Article Text

Download PDFPDF

Effect of sporting activity on absenteeism in a working population
Free
  1. S G van den Heuvel1,
  2. H C Boshuizen2,
  3. V H Hildebrandt1,
  4. B M Blatter1,
  5. G A Ariëns3,
  6. P M Bongers1
  1. 1TNO Work and Employment, Hoofddorp 2130 AS, The Netherlands
  2. 2RIVM (National Institute for Public Health and Environmental Hygiene), Bilthoven, The Netherlands
  3. 3Department of Public and Occupational Health, Institute for Research in Extramural Medicine, VU University Medical Center, Amsterdam, The Netherlands
  1. Correspondence to:
 Swenne G van den Heuvel
 TNO Work and Employment, PO Box 718, Hoofddorp 2130 AS, The Netherlands; s.vdheuvelarbeid.tno.nl

Abstract

Objectives: To determine the effects of sporting activity on absenteeism in a working population.

Methods: Data were used from a prospective cohort study in a working population with a follow up period of 3 years and were collected with yearly questionnaires or collected from company records. Complete data on absenteeism, sporting activity, and potential confounders were collected for 1228 workers. ANOVA was used to test differences in frequency and duration of absenteeism, correlations were computed to measure the association between number of sporting years (divided by age) and frequency and duration of absenteeism, and survival analysis, according to the Cox proportional hazards model, was used to test differences in relative risk at absenteeism and recovery. All analyses were adjusted for age, gender, smoking, and alcohol consumption, and were stratified for employees with sedentary and with more active jobs.

Results: ANOVA showed a statistically significant higher mean duration of absenteeism among employees not practicing sports, of approximately 20 days over a period of 4 years. The survival analysis showed an increased relative risk at absenteeism (relative risk (RR) 1.09; confidence interval (CI) 1.01 to 1.18) and a decreased relative risk at recovery (RR 0.90; CI 0.85 to 0.95) for employees not practicing sports. The effect of sporting activity is larger in employees with sedentary work. No associations were found between number of sporting years and absenteeism.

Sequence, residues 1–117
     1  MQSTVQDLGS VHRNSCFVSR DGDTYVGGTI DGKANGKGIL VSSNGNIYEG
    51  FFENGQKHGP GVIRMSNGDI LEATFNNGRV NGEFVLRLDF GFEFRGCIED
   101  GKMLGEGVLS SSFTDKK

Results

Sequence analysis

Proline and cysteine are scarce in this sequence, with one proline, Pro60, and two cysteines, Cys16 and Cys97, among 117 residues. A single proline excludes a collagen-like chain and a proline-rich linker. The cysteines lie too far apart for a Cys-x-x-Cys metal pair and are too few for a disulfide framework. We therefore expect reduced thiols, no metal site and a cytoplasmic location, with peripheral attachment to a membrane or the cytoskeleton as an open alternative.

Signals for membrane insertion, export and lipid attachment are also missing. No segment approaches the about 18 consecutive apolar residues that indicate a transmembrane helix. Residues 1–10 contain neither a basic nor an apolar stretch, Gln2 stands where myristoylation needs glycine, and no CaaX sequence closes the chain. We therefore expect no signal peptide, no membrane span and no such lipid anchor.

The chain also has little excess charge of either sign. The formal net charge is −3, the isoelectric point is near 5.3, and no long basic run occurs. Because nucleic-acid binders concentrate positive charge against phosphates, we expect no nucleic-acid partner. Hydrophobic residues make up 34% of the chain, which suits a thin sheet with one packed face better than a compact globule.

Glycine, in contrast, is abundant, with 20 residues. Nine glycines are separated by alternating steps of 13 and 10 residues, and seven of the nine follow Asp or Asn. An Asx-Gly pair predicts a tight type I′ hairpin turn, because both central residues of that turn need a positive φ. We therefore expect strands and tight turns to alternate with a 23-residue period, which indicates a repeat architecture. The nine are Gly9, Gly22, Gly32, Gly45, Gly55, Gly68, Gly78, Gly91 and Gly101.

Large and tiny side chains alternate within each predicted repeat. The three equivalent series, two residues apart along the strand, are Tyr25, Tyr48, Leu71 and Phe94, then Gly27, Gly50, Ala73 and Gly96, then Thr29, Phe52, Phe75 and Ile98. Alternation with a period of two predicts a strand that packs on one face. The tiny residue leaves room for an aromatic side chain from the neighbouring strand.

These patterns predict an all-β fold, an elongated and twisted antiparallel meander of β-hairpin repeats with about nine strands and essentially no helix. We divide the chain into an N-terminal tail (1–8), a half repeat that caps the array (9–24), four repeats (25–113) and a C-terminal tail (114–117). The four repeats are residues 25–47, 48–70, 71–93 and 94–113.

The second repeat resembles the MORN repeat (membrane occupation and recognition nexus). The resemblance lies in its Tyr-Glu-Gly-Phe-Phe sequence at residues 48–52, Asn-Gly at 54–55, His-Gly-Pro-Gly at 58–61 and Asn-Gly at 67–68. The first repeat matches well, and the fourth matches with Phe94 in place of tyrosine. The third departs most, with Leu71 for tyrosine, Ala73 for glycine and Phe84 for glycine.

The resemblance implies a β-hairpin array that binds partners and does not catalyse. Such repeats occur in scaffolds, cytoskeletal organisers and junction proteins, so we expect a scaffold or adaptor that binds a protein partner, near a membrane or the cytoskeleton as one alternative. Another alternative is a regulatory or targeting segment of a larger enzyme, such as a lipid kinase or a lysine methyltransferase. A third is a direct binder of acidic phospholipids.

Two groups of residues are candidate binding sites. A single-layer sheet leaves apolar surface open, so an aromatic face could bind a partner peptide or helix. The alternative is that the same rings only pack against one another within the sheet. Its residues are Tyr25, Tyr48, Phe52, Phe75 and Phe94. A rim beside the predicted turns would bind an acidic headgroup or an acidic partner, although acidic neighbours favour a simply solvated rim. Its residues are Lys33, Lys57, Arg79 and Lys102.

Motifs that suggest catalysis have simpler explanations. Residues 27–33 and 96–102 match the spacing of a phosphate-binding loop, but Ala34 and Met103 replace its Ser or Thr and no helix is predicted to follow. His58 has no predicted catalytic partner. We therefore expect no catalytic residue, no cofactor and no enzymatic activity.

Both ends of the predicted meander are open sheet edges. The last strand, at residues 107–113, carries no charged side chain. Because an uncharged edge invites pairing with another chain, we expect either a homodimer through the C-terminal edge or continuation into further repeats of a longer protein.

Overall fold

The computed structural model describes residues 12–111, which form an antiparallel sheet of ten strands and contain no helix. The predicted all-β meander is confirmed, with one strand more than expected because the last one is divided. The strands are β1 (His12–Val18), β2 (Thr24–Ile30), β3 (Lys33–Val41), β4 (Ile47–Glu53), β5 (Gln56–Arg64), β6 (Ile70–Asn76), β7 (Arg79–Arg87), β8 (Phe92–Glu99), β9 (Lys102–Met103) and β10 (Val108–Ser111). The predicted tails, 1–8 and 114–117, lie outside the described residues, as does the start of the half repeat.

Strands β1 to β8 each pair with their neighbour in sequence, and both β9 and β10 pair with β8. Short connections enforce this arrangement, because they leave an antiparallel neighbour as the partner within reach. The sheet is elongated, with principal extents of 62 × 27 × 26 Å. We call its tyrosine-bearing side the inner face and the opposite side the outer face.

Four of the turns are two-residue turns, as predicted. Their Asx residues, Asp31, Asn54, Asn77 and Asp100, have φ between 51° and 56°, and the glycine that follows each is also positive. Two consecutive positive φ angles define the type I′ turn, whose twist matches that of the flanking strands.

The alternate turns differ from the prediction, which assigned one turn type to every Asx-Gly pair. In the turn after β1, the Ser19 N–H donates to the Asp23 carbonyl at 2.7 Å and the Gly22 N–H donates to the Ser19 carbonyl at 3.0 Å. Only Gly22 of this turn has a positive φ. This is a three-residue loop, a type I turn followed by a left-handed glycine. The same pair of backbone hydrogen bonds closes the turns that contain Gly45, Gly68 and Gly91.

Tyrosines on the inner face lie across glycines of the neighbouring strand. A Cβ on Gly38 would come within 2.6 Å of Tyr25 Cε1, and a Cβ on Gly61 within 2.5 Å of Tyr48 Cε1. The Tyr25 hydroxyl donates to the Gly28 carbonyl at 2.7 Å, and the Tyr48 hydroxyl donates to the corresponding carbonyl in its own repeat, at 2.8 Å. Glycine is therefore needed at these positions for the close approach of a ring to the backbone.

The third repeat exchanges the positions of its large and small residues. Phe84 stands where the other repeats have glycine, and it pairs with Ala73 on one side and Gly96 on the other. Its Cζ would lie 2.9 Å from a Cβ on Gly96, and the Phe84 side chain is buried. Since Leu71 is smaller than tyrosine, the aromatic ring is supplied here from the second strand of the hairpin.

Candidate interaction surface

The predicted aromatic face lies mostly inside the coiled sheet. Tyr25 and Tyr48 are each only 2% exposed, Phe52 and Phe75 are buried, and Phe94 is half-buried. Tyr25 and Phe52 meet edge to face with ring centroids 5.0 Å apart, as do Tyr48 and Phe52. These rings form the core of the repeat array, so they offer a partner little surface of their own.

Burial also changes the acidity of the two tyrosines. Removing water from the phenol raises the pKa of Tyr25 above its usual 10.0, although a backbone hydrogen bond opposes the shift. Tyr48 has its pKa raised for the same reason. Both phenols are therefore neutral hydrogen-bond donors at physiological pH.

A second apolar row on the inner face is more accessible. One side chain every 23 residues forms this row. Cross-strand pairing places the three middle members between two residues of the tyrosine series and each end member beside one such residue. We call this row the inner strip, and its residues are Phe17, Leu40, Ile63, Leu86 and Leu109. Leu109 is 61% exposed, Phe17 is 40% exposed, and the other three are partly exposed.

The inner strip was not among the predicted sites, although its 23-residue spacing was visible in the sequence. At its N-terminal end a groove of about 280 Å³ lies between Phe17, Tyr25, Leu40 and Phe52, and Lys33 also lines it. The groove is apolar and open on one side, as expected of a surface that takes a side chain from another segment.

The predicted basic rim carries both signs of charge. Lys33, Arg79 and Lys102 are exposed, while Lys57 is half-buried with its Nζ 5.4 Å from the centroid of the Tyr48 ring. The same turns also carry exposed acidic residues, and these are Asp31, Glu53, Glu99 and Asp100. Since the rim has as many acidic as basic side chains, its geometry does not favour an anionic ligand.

Conclusion: Employees practicing sports take sick leave significantly less often than their colleagues not practicing sports, while their periods of sick leave are shorter, especially when their work is sedentary.

  • longitudinal study
  • physical activity
  • sedentary work
  • sick leave

Statistics from Altmetric.com

Footnotes

  • Findings of this study have been published before in the Dutch language in the Dutch Journal of Health Sciences. Reference: Heuvel SG van den Boshuizen HC, Hildebrandt VH, et al. Sporten, type werk, arbeidsverzuim en welbevinden: resultaten van een 3-jarige follow-up studie. Tijdschr Gezondheidwet 2003:(5):–64.

  • Competing interests: none declared

Request Permissions

If you wish to reuse any or all of this article please use the link below which will take you to the Copyright Clearance Center’s RightsLink service. You will be able to get a quick price and instant permission to reuse the content in many different ways.

Linked Articles

  • Miscellanea
    BMJ Publishing Group Ltd and British Association of Sport and Exercise Medicine